8. Mix up your coverage. During my bear photo workshops I often see participants initially try to get the perfect close-up head shot. But after getting that image I encourage them to mix up their coverage. How about just focusing on the bear’s claws? Or how about an environmental image that shows more of the landscape? What about trying to photograph a bear in flowers versus in a stream? Experiment with different lighting angles as well. Backlit bears look amazing with bright rim light on their fur. Try overexposing images for a high key look or converting to black and white. I like to approach my wildlife imagery from a narrative perspective. Tell a story about the bear, and this will encourage you to seek out fresh perspectives.
9. Be patient. Photographing bears can be very exciting and fast paced. Or you can wait for hours for something interesting to happen! Be patient, observe the bear’s behavior, and hope for special moments. I once found a young bear in Alaska fishing for salmon in a creek. Every five minutes he would run through the stream chasing bright red salmon, but he never caught one. I was sure this bear would finally catch a fish and I would have a great image. But after two hours of lying prone on river rocks I could hardly move, and the bear still hadn’t caught a fish. He swatted at another salmon in the river and missed. Suddenly he stood up on two legs and began moving his paws in a circular motion. Water sprayed off his paws in big circles, creating a memorable shot. I had never seen a bear do this, and thankfully my patience paid off with some unique photographs.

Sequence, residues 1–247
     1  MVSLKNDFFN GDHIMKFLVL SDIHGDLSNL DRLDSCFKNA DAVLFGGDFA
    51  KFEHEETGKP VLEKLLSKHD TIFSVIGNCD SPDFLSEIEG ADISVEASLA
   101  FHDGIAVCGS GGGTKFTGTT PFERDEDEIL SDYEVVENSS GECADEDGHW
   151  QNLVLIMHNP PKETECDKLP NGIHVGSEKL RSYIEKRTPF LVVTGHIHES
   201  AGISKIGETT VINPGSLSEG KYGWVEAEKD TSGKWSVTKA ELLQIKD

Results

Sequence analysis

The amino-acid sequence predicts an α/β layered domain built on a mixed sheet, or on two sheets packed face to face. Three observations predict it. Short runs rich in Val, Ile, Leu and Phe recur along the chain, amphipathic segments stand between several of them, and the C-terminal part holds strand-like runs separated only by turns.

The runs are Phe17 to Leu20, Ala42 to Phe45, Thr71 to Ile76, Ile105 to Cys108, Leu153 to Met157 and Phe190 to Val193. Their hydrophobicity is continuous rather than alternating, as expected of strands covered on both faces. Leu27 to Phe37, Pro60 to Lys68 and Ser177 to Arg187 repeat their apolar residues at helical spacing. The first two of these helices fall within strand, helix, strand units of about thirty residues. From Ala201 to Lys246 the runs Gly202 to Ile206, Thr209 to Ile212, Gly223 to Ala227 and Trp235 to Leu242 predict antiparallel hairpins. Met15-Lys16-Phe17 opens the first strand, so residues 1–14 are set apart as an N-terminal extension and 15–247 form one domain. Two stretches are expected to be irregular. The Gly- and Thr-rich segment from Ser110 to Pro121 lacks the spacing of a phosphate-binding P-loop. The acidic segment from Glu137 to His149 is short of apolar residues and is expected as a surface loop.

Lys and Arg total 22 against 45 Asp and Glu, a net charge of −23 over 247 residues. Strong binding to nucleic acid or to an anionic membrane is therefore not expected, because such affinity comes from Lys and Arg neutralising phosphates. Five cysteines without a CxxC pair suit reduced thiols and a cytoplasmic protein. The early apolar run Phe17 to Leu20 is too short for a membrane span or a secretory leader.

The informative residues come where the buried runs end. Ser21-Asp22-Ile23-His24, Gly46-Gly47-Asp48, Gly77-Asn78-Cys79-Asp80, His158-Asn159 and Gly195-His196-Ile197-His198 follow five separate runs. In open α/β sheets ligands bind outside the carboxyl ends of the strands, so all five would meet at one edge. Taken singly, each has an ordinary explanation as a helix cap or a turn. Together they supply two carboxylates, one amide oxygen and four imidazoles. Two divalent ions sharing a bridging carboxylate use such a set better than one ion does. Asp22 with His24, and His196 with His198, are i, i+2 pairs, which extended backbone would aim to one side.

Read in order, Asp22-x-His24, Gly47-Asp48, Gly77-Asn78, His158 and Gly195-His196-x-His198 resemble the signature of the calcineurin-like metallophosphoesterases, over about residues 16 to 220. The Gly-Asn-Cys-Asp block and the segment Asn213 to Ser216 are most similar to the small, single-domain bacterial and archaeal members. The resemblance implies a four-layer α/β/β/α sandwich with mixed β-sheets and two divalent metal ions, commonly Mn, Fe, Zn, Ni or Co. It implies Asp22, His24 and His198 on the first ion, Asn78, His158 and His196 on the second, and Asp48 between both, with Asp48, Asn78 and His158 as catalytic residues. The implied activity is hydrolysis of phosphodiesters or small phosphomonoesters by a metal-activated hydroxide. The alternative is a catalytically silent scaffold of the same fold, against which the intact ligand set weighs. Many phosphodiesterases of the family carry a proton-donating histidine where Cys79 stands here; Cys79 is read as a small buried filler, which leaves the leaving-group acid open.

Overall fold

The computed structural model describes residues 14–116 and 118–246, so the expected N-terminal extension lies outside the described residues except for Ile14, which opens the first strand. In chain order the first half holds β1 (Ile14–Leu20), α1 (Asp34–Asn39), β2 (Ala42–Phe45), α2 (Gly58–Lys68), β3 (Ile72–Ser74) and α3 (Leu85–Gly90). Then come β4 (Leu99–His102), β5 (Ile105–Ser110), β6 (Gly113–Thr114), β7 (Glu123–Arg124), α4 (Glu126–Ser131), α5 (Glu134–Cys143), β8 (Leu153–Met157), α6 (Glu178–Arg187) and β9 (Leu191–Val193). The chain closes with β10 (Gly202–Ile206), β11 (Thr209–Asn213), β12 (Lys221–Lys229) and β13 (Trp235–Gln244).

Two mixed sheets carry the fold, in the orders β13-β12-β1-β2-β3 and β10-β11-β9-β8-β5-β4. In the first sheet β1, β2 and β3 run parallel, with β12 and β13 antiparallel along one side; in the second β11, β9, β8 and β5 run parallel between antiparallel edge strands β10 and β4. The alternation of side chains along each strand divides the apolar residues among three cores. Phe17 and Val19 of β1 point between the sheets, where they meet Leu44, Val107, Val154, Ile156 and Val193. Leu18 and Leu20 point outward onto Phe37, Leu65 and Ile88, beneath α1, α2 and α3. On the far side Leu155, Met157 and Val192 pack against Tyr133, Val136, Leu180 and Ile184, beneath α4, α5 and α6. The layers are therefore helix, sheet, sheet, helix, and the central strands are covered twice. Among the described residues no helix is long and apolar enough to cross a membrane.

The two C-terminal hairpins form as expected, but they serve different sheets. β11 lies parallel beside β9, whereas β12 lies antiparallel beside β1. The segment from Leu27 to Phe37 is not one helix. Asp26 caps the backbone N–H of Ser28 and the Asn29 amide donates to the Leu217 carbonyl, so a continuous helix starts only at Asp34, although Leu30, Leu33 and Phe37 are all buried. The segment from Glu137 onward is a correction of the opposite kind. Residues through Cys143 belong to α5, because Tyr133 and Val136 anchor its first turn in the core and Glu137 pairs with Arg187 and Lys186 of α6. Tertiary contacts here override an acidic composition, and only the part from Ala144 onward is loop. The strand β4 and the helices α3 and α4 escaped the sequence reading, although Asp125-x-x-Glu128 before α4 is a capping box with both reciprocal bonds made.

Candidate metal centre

10. Bad weather is good weather. I do most of my bear photography in Alaska, and it is not uncommon for it to be raining, snowing or freezing, but these are good things! Atmospherics add mood and emotion to an image. Bears don’t change behavior in drizzle, they just keep eating, playing and wandering. Fog and light rain can make interesting backgrounds. But if it rains really hard, the limiting factor will be sharpness in your image. Heavy rain can appear like a haze in images, especially on distant subjects using telephoto lenses. Shutter speed is important. I like to shoot at 1/500 or faster to freeze the rain droplets. Don’t let bad weather slow you down, dress for the conditions, and bring rain covers for your gear.
I’m headed back to Alaska in a few weeks for more photography, I just can’t resist spending more time with those grizzly bears. Who knows what will happen this time. Maybe more cubs will be playing in the meadows, or bears will be chasing salmon in the river. Only one way to find out, time to head north and spend time with the bears… Happy shooting!
Tom Bol is an adventurous and inventive photographer with over 25 years experience shooting editorial, commercial, lifestyle and advertising assignments. He is the author of Adventure Sports Photography: Creating Dramatic Images in Wild Places. Examples of his work and information about his workshops can be found at tombolphoto.com.